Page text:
The two central political issues of the revolutionary decade of the 1830s were those of the intelligence to be attributed to the working class and of the possibility of representing the new factory regime and its associated system as a natural, and providential, rather than artificial, and thus corrupt, formation. These issues were hard to tease apart. Apologists repeatedly emphasised the inevitability and the virtue of the factory system. Cooke Taylor reckoned that "factories are a result of the universal tendency to association which is inherent in our nature" and that "the factory system is not only innocent in itself but a necessary element in the progress of civilization and a most efficient means of promoting human happiness." In a fashion characteristic of the Scottish philosophy of mind, these remarks referred the co-ordination and discipline of the work-force to principles inherent in human consciousness. Eighteenth century associationism, it was claimed, reached its apotheosis in the cotton works. Thence it was easy to argue that the apparent evils of the factory system were entirely external to its logic. Thus while Cooke Taylor blamed "the want of intelligence in the ruling power....and not the factory system, which does not possess any means for self-legislation", the eminent reformist physician James Kay Shuttleworth, whose revelations about the health of the manufacturing towns supplied countless journalists with scare stories, commented that the evils affecting the Mancunian working class "result from foreign and accidental causes. A system, which promotes the advance of civilization and diffuses it all over the world....founded on the benefits of commercial association, cannot be inconsistent with the happiness of the great mass of the people". [64] The systematic character of the factories was precisely what allowed them to represented as virtuous, and this virtue was allegedly achieved automatically.

The crisis of proletarian intelligence in the factory system emerged as a problem of automatism. "The factory system has a tendency within itself to correct many of the evils". If the factory were not merely the product of an automatic law of moral progress but the consequence of the adoption of the automatic system of manufacture, it was still necessary but difficult to represent the inmates of the factory as themselves possessed of intelligence. The puzzle of the thinking machine was the very stuff of this debate. No doubt this was why the images of the modern Prometheus and of Athena springing fully-clad from the mind of Zeus were so common. Defining the site of intelligence was a key political task. Critics reiterated their suspicion that automatic machinery and factory discipline mechanized the proletariat. Cooke Taylor addressed the puzzle directly. "I am willing to confess that the mechanical processes which require a continuous and unvarying repetition of the same operation...have a tendency to degrade the workman into an automaton". He conceded that "there is a tendency in the use of machinery to materialize the thoughts". But in drawing a picture of the balance between the necessary division of labour and the combination of tasks required within the factory system, he urged that "such combination requires no small exercise of mind and no conceivable adaptation of wood and iron will produce a machine that can think". Nasmyth told the parliamentary commissioners that automatic machinery prompted workers' intellectual development, just because under benevolent management removed the need for hard work. Challenged that under the division of labour "the labourer becomes part of the machine instead of an entire machine", Nasmyth replied that "some of our modern machines are most interesting, and after a time the men begin to feel it...the mere looking at anything absolutely correct or true in geometrical form, I think, has in itself a tendency to improve the mind". [65]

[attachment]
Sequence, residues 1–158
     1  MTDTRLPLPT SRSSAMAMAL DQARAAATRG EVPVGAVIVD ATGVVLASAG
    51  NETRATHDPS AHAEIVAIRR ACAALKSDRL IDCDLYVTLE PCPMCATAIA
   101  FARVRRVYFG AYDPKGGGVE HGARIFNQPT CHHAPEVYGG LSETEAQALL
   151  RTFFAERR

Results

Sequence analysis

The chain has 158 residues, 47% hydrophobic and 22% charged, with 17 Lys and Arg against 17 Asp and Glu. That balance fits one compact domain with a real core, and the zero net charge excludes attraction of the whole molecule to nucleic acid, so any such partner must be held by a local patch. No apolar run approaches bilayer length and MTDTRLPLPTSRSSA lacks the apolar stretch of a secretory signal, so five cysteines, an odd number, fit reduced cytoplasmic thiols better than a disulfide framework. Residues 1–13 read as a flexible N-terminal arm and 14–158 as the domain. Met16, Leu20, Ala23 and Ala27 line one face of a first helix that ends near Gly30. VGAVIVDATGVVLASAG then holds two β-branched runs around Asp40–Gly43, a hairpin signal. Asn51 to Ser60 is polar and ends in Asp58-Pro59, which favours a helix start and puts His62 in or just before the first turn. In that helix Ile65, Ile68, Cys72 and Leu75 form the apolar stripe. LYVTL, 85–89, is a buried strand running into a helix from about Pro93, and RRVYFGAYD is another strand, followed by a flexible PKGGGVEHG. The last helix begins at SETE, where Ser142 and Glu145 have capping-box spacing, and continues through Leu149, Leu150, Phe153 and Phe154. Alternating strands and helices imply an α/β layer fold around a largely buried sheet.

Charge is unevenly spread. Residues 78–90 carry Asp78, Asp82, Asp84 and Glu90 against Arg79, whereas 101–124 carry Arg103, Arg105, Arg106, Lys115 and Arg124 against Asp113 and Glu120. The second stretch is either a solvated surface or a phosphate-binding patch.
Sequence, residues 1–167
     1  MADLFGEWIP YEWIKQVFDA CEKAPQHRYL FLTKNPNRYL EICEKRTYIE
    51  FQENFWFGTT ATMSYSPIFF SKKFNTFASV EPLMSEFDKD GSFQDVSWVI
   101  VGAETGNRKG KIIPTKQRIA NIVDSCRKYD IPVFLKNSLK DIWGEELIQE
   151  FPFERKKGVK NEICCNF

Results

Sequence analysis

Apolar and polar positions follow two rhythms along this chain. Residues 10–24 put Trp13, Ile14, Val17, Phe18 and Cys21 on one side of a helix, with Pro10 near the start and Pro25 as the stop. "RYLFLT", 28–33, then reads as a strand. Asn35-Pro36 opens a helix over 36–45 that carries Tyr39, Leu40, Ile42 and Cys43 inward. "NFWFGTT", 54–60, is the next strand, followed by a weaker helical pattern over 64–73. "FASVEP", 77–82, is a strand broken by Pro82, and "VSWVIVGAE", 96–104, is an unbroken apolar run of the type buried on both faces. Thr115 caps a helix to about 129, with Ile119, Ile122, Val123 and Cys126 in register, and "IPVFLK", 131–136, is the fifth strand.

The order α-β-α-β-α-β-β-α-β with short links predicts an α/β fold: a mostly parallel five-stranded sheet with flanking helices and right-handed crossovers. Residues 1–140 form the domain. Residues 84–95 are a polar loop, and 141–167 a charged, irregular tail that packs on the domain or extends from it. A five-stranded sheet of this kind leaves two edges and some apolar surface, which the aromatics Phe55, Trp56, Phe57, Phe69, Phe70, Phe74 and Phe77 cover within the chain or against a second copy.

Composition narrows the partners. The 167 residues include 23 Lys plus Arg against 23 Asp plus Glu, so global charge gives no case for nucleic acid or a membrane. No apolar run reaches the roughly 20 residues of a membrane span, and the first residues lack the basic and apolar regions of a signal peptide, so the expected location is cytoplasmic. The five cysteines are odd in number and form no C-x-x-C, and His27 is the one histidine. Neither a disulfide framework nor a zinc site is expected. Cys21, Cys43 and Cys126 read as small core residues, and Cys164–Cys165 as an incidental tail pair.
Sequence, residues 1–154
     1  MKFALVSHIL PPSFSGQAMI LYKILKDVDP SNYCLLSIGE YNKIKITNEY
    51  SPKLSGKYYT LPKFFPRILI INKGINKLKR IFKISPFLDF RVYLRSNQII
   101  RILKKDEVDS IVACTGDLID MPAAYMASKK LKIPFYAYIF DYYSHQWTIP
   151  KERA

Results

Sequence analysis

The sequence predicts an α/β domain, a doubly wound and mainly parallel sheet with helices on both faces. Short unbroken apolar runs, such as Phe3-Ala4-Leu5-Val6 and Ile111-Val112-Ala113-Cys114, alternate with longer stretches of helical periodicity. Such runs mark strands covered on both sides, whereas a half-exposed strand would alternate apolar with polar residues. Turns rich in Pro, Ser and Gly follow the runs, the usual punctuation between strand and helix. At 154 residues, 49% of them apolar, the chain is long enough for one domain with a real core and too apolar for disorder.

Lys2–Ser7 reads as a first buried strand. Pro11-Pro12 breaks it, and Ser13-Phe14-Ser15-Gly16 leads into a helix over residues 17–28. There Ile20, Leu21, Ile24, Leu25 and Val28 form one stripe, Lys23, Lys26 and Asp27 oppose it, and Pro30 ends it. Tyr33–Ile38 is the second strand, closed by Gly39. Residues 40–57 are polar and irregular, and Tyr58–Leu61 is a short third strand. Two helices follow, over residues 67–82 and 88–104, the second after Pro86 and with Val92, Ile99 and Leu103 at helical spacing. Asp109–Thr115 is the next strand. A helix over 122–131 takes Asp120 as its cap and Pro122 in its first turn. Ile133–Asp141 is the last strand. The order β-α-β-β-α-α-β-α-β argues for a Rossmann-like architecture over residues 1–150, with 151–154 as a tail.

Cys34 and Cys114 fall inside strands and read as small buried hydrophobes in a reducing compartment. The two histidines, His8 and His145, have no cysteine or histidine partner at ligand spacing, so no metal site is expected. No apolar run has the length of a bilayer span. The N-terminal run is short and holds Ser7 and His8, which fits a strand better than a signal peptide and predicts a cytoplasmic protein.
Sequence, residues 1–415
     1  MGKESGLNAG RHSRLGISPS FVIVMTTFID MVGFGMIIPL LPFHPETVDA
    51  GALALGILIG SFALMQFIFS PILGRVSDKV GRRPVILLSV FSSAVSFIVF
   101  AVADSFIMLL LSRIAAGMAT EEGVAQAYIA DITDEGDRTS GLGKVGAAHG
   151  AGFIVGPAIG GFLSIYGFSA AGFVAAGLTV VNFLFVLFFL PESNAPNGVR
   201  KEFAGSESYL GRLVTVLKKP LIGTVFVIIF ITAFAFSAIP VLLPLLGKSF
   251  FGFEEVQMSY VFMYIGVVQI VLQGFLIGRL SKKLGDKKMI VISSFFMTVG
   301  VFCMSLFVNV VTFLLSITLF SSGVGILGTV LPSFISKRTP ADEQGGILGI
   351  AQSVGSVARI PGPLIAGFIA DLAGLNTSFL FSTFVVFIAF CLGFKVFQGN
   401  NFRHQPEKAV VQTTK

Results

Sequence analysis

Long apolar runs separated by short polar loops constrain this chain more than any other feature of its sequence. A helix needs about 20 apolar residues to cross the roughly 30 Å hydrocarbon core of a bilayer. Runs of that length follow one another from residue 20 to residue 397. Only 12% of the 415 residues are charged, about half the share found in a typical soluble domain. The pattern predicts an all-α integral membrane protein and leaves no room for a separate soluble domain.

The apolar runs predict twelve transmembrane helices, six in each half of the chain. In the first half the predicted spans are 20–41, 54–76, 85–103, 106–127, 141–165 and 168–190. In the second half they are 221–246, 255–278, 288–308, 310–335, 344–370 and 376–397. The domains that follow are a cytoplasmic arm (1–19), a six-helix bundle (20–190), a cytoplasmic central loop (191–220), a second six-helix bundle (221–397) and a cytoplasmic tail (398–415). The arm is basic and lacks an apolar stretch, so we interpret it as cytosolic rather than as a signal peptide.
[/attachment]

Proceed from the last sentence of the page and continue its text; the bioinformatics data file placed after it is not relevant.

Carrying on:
The suspicion, however, was that this vaunted intellectual improvement flowed from the master-machines, and thus from their masters. Ure characteristically and frankly celebrated this subordination. The Manchester guidebook quoted him approvingly: "the benignant power of steam summons around him his myriads of willing menials, and assigns to each the regulated task, substituting for painful muscular effort upon their part the energies of his own gigantic arm". There was thus an unresolved contradiction between stress on the subordination, and thus mechanization, of workers' intelligence, and on the co-ordination, and thus cerebration, of their labour. A notorious example appeared in Ure's attempts to define the term "factory". On the very same page of his Philosophy of Manufactures he defined the factory both as "a vast automaton composed of various mechanical and intellectual organs....all of them being subordinated to a self-regulated moving force", and also as "the combined operation of many orders of work-people...in tending with assiduous skill a system of productive machines". Marx immediately picked up this striking contradiction between automatism and skill and associated it closely with Babbage's account of the division of labour in the machine system. "These two descriptions [by Ure] are far from being identical. In one, the combined collective worker appears as the dominant subject, and the mechanical automaton as the object; in the other, the automaton itself is the subject, and the workers are merely conscious organs". The "automatic workshop" posed in an unprecedently acute form the challenge of situating its intellectual and thus governing principle: within the skilful workforce, as Cooke Taylor hinted, within the managerial regime, as Nasmyth so often claimed, or within the machines, as Ure and Babbage boasted. [66]